Zhdanov's death on 31 August 1948 signaled the end of the so-called Zhdanov period. After his Death, Malenkov rapidly achieved a high position In official listings of the Politburo, which was generally taken to indicate that he had returned to grace. Malenkov then allegedly initiated a purge of various persons who owed their positions to Zhdanov 's influence. The Berlin blockade was liquidated and the Greek Civil War was permitted t o come to an end, and the emphasis in Soviet foreign policy visibly began to shift to the Far East, where the Chinese Communists were rapidly gaining complete control of mainland China. Once in power, the official, who had been the shadow of a leader for many years, proposed radical reforms that were inconceivable before: he was the first to call for an abandonment of the personality cult, to carry out economic transformations with an emphasis on the role of light industry instead of heavy industry, and to weaken the party apparatus, transferring its functions to ordinary authorities.

When, in 1954, a delegation of the United Kingdom's Labour Party (including former Prime Minister Clement Attlee and former Secretary of State for Health Aneurin Bevan) passed through Moscow on their way to the People's Republic of China, Sir William Goodenough Hayter, British Ambassador to the Soviet Union, requested a dinner meeting with Nikita Khrushchev - then General Secretary of the Communist Party of the Soviet Union. Much to Hayter's surprise, not only did Khrushchev accept the proposal, but decided to attend in the company of Vyacheslav Molotov, Anastas Mikoyan, Andrey Vyshinsky, Nikolay Shvernik, and Georgy Malenkov. Such was the interest aroused in British political circles by this event that Sir Winston Churchill subsequently invited Sir William Hayter down to Chartwell so as to provide a full account of what had transpired at the meeting.

Malenkov seemed "easily the most intelligent and quickest to grasp what was being said" and said "no more than he wanted to say". He was considered an "extremely agreeable neighbour at the table" and was thought to have had a "pleasant, musical voice and spoke well educated Russian". Malenkov even recommended, quietly, that British diplomatic translator Cecil Parrott should read the novels of Leonid Andreyev - an author whose literature was at that moment in time, condemned as decadent in the USSR.

Convinced that Malenkov was in charge, nobody in the British delegation felt much inclined to expend effort with Khrushchev. Malenkov "spoke the best Russian of any Soviet leader I have heard", his "speeches were well constructed and logical in their development" and he seemed "a man with a more Western - oriented mind."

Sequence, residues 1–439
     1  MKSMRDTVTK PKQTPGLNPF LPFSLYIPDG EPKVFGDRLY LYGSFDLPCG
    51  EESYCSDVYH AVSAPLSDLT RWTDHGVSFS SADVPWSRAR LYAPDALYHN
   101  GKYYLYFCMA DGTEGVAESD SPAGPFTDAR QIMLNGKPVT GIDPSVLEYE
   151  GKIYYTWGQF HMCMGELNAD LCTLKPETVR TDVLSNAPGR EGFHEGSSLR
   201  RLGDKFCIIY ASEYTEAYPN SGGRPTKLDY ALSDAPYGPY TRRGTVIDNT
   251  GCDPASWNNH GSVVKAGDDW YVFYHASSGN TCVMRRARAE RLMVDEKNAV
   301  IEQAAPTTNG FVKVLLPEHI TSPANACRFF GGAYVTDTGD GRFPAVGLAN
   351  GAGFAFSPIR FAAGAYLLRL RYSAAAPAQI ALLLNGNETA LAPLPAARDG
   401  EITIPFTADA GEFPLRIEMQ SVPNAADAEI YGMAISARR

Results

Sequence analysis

In 1955 he was criticized and was removed from the position of Chairman of the Council of Ministers and was appointed Minister of power, but retained his position as a member of the Presidium of the CC CPSU.

In 1957, together with V. Molotov and L. M. Kaganovich, Malenkov and Shepilov attempted to shift Khrushchev from the post of the 1st Secretary of the CPSU. The Plenum of the Central Committee in June 1957 considered the case of the "anti-Party group". Malenkov was removed from the Central Committee, was transferred to the post of director of the power plant in Ust-Kamenogorsk , then - thermal power plant in Ekibastuz, headed for ten years, and in November 1961 expelled of the CPSU (in contrast to Molotov, he was not restored) and in the same year he was sent to retirement.

Simon Sebag Montefiore says in his 2003 Stalin: Court of the Red Tsar that Malenkov found this demotion actually a pleasant relief from the pressures of the Politburo. Furthermore, Sebag Montefiore reports, Malenkov in his later years became a devout Christian, as did his daughter, who has since spent part of her personal wealth building churches throughout the former Soviet Union. Orthodox Church publications at the time of Malenkov's death said he had been a reader (the lowest level of clergy) and a choir singer in his final years.

He lived with his wife Valeriaon Frunze, and traveled by train to his dacha in Kratovo. There he was seen in the village church. He appealed to the Orthodox faith - he was seized with remorse. He died 14 January 1988 and was buried at Novokuntsevskom cemetery in Moscow. As far as can be determined, the rumor that Khrushchev's sister or daughter was Malenlkov's second wife is false.

The historian Yuri Zhukov told TASS that if Malenkov could stay in the Kremlin, he would probably direct the history of the USSR in a completely different direction. If Malenkov then survived, now we would be a different, much more prosperous country, Yuri Zhukov told TASS. The money of the USSR would not go to Asia or Africa: it would be spent on raising the living standards of Soviet citizens, stimulating food and light industry as a whole; there was also a Malenkov program that sets out these guidelines."